During a meeting the other day the topic of Economic Value Added came up. Surprisingly, it solicited quite a few negative responses. One member of the group stated that “Economic Valued Added is a farce.” A professor in the group said, “I included Economic Value Added in my grad course work in the 90s when it was hot, but only because it was a hot topic. It is a band aid approach.” My take is a little different.
All business “fads” catch on for a while because they contain some element of truth that appeals to folks with a particular perspective. For example, the ABC promoted in the late 1980s and early 1990s addressed one-direction causality, but ignored the other 80% of the problems with the way people measure and use cost information. In my book, it was a “dud,” but it did contain the important truth that valid cost models must be based on causality.
Economic Value Added does contain certain “truths” that are important to Profitability Analytics. First, it emphasizes that investment matters. If the financial objective of an organization is a superior, sustainable return on investment, decision makers need to include the cost of investment in their deliberations. Second, profit reported on financial statements is misleading – the impact of what I call “The Deadly Virus of GAAP” must be corrected. Both of these “truths” have been incorporated into the Profitability Analytics model.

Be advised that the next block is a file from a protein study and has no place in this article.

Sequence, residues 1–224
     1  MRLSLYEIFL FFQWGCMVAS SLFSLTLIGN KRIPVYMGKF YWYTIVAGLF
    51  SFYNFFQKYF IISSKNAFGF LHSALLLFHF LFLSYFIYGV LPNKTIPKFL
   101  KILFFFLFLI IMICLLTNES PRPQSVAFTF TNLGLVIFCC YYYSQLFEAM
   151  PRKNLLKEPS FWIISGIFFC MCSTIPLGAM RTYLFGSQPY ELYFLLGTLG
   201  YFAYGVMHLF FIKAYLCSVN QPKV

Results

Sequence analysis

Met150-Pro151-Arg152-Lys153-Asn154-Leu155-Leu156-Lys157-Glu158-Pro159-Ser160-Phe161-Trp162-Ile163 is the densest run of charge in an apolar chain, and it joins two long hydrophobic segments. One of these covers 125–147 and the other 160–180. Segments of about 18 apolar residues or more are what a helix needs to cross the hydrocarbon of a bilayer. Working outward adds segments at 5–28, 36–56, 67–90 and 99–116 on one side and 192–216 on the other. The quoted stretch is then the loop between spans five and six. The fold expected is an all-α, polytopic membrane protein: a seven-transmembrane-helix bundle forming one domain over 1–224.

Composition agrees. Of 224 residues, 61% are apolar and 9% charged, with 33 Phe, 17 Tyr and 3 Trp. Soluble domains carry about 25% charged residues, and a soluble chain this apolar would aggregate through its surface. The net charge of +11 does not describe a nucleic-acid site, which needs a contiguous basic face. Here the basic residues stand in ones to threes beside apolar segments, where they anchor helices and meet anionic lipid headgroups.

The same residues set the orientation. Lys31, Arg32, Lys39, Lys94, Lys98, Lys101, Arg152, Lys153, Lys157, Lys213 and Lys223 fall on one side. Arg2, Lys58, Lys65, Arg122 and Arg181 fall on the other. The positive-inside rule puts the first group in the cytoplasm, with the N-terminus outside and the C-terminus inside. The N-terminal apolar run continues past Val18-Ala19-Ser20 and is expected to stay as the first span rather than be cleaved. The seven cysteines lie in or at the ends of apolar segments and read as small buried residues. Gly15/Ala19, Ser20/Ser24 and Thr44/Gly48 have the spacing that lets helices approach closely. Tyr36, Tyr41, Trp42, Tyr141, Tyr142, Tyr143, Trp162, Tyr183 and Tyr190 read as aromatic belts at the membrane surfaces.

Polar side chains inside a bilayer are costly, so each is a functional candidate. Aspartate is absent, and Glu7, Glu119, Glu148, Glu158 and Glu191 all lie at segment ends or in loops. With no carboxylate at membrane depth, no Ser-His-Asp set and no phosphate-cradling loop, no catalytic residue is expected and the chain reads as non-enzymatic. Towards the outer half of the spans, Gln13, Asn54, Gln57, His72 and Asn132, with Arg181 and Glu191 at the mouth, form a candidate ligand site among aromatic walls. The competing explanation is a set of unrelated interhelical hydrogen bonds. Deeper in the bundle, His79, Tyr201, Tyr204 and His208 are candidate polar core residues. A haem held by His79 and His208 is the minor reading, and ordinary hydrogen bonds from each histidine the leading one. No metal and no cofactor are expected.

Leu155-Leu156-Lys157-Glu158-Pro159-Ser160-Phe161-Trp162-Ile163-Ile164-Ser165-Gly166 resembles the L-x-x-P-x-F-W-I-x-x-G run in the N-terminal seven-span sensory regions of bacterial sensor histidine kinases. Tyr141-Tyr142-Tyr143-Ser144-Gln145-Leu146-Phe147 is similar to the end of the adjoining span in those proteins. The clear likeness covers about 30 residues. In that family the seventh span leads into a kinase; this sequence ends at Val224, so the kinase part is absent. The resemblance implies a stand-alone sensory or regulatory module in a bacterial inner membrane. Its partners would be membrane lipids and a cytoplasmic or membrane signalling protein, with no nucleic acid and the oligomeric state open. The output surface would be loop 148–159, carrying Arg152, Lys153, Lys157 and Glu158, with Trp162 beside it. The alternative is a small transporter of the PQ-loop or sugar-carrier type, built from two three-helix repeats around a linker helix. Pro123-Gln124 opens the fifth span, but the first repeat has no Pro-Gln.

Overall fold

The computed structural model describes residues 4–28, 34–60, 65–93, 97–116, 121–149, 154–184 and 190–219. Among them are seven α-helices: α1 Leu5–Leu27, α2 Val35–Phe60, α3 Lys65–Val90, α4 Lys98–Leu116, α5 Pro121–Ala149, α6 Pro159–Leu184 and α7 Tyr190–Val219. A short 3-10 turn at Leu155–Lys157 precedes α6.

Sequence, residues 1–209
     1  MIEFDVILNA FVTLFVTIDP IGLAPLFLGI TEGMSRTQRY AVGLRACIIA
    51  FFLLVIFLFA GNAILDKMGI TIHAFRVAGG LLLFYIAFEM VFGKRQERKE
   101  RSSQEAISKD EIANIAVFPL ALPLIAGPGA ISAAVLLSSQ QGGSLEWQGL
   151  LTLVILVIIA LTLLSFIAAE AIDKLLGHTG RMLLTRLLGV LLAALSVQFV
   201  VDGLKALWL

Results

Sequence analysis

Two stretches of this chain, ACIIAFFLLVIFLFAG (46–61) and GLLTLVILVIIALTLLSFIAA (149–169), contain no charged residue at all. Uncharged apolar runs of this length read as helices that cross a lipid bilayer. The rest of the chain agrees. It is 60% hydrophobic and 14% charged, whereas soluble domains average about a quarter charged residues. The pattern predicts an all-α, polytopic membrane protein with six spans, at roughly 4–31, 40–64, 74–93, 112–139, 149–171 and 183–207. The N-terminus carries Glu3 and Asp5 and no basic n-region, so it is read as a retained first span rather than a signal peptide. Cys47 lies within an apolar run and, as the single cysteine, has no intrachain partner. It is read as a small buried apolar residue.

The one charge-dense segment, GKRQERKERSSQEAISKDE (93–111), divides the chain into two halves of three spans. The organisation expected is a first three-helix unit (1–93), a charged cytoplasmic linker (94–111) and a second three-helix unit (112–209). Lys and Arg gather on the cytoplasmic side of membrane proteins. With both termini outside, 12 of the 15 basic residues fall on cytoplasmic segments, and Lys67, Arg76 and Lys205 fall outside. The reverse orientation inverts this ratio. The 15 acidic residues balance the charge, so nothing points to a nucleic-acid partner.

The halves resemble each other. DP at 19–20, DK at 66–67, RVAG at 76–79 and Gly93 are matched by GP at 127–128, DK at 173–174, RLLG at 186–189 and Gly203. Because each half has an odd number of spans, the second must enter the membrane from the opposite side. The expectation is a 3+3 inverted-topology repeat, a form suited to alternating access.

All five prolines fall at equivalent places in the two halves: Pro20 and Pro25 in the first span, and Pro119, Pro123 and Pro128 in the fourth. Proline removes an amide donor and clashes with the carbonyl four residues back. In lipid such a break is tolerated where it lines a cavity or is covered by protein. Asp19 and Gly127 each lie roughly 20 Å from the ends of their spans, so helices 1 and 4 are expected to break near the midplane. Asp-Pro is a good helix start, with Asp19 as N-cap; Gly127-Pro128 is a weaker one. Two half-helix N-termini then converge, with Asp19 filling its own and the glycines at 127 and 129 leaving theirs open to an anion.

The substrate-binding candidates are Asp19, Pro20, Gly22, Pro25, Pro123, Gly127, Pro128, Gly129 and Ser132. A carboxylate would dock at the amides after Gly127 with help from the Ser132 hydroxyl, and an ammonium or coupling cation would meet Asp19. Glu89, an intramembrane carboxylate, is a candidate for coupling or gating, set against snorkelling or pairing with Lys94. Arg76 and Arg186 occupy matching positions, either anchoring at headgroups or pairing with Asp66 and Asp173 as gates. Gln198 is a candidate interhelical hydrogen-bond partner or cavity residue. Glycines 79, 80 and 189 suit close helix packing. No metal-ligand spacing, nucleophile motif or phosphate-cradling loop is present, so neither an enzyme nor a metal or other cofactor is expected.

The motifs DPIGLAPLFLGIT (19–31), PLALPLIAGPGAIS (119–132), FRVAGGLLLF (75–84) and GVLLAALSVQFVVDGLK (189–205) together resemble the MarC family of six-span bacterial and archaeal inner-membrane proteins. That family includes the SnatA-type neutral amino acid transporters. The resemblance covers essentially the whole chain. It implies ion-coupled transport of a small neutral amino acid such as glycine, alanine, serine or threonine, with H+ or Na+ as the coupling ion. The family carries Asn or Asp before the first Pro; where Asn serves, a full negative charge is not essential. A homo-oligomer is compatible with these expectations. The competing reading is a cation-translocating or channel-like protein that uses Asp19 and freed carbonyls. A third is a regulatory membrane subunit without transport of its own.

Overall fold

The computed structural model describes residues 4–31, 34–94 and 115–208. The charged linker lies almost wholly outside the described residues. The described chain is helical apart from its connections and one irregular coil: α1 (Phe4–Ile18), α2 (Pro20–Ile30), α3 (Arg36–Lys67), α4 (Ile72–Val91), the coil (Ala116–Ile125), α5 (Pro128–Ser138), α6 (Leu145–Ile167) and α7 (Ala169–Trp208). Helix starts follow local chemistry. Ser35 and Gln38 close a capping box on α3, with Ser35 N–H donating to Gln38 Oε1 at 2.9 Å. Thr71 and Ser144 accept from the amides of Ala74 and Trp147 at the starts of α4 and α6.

The third thing I like about Economic Value Added is that, when used as a means of determining incentive compensation, deferred bonuses can be lost if the performance metrics that determine that bonus don’t continue over a period of years. It helps discourage the “game playing” done by executives to maximize their short-term bonuses at the expense of long-term performance. It gives them an incentive to be “stewards” instead of “game players.”
The Profitability Analytics model – particularly the “Investment” Row of the Profitability Analytics model – raises three key points: 1) investments aren’t just in physical assets; they can be made in R&D, sales and marketing, HR and other areas, 2) depreciation expense is a dysfunctional and misleading measurement; some form of providing for capital preservation going forward should replace it, and 3) a cost of capital should be attached to the assets in activity centers so management can measure how well the use of those assets meets the overall ROI target of the organization.
What’s your take on Economic Value Added and its value to decision makers?